Editor's note: the following is a tongue-in-cheek, oftenirreverent, question and answer column published in the ASMP News solelyfor the entertainment of our readers. It does not necessarily reflect theviews of ASMP, the local chapter or other ASMP members. All opinions andanswers are solely those of the author, and he is welcome to them.

Readers' questions about any aspect of photography, or life ingeneral, are welcome and Dr. Photography will answer them in future columns,if he happens to feel like it. Send mail to:
Dear Dr. Photography

Dear Dr. Photography,

In the last several years, stock photographyhas become one of the most complicated and difficult aspects of the entirebusiness of photography today. Where do you see it headed in the yearsto come?

Baffled in San Francisco


DP: Stock photography has indeedbecome a more complex aspect of every professional photographer's business,as millions of new images are created and hundreds of new players enterthe market each year. With this massive expansion, the stock photographybusiness has created a number of problems in the industry ranging from adecline in new assignment photography to copyright infringement battles,pricing conflicts and past uniform capitalization requirements by the IRS. What a mess!

While in Washington, DC a few months ago, I had an opportunity to meetwith Congressional leaders who revealed to me a plan for yet another massiveseries of changes in the Copyright Law due to go in effect in the year 2000.

The new law will require that all works of art (including photography)be created on temporary media (such as film) with a total life not to exceedone year. At the end of this one year period, the media upon which theartwork was created would disintegrate (sort of like Mission Impossible). In the case of film photography, select images could be preserved beyondthis one year limit with reproduction onto registered and licensed archivalfilm. The trade off would be that any image thus saved would automaticallyenter into the public domain. This would allow for the preservation ofthe finest photographs and works of the masters for the benefit of all.

This new law is expected to result in massive solutions to the numerousproblems professional photographers are currently facing.

First of all, photographers and stock agencies would no longer havethe difficulty and expense of maintaining massive photo files as the materialthey actually owned would be limited to only what they'd created in thepast year.

Clients would be assured of a constant flow of fresh, new images andphotographers would be kept continuously busy shooting repeated assignmentsfor

clients who needed use of a particular image for longer than one year. Assignment photography in general would get a whole new shot in the armbecause most assignment photographers would no longer be competing withstock files.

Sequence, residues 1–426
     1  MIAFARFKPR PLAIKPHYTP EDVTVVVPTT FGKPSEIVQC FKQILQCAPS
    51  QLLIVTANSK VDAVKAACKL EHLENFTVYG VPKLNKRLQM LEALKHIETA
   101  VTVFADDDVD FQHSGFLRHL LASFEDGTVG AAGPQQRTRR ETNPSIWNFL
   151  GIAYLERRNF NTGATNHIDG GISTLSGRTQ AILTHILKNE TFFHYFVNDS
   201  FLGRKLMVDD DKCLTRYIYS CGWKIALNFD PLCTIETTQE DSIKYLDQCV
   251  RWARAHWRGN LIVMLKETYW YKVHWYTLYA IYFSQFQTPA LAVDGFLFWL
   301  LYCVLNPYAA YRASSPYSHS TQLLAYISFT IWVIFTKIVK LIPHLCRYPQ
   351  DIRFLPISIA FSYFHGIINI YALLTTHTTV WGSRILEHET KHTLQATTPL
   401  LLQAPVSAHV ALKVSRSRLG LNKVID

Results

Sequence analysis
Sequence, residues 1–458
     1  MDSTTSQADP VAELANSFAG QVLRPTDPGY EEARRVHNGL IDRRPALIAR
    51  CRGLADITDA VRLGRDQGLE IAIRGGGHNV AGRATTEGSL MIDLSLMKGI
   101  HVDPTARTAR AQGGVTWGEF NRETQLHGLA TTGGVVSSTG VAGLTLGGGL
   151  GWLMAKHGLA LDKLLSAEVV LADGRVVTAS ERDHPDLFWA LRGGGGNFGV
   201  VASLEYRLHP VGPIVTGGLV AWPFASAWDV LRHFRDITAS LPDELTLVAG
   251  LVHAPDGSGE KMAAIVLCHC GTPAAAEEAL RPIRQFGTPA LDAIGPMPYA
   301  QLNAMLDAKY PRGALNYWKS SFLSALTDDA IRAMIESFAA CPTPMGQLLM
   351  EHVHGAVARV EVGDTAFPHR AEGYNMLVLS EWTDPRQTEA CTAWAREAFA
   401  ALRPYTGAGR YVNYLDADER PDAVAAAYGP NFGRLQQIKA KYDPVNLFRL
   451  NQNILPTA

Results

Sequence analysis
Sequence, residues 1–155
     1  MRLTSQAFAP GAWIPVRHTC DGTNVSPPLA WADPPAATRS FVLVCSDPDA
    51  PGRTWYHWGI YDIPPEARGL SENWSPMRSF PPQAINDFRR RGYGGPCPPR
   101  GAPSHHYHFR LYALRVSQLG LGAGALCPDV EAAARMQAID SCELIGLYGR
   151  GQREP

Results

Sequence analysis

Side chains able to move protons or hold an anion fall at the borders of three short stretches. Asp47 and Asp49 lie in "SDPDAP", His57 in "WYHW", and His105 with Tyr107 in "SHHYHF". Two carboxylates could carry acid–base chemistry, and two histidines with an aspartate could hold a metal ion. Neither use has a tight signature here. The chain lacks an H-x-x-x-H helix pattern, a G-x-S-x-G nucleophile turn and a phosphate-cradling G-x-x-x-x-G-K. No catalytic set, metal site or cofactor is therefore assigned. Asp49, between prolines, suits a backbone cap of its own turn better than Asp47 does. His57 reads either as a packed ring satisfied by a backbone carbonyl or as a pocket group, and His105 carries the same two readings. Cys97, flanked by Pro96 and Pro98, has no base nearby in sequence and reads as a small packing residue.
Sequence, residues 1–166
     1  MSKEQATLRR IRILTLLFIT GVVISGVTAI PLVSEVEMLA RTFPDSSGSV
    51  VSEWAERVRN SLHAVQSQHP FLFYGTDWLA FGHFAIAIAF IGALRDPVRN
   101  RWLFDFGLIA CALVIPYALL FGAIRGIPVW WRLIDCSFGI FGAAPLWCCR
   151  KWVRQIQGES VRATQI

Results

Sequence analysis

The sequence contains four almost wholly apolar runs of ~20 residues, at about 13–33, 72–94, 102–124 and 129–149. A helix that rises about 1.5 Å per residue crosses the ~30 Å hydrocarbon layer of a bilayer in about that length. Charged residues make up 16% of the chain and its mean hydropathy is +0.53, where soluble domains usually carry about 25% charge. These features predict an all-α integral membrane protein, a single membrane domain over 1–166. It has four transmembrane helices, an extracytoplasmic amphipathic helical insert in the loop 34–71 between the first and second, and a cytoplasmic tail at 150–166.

Photographers would easily be able to charge large fees to clients whochose to hold images -- their clients would essentially be buying a significantpercentage of the life of each image they held onto before making a decision.

Copyright infringement suits would be drastically reduced (along withassociated legal fees) as no photo copyright would last more than the oneyear life of the image. (Currently, it takes at least that long just toget to court.) After that period, the image would cease being a photographand continue only as a memory or idea -- and of course, ideas cannot be copyrighted.

The new regulation would simplify negotiations of rights between photographersand their clients. Work for hire would become a less important issue withthe decreased time value of each image. Photographers would establish theirretirement funds based on their new increased day-rate earnings rather thantheir stock libraries.

Uniform capitalization of expenses related to shooting stock would neveragain pose a threat since the life and income potential of any image wouldonly be one year anyway.

Finally, photographers would be encouraged to spend more of their timein the studio or field being creative and doing what they love most -- shootingphotographs, in order to satisfy the ever increasing demand for new images. And we would all be on a more equal level competitively in the marketplacesince we would have minimized our competition with huge stock libraries. It would also eliminate the question "But what have you done recently" from portfolio presentations, as only work shot within the past yearwould still exist.

And of course, we should not forget that the new regulations might meanthat we would never again be subject to endless hours of watching old slidesand home movies at family gatherings. Such things would no longer existafter their one year life span. That alone might be enough to pass sucha law.

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©1991 Scott Highton
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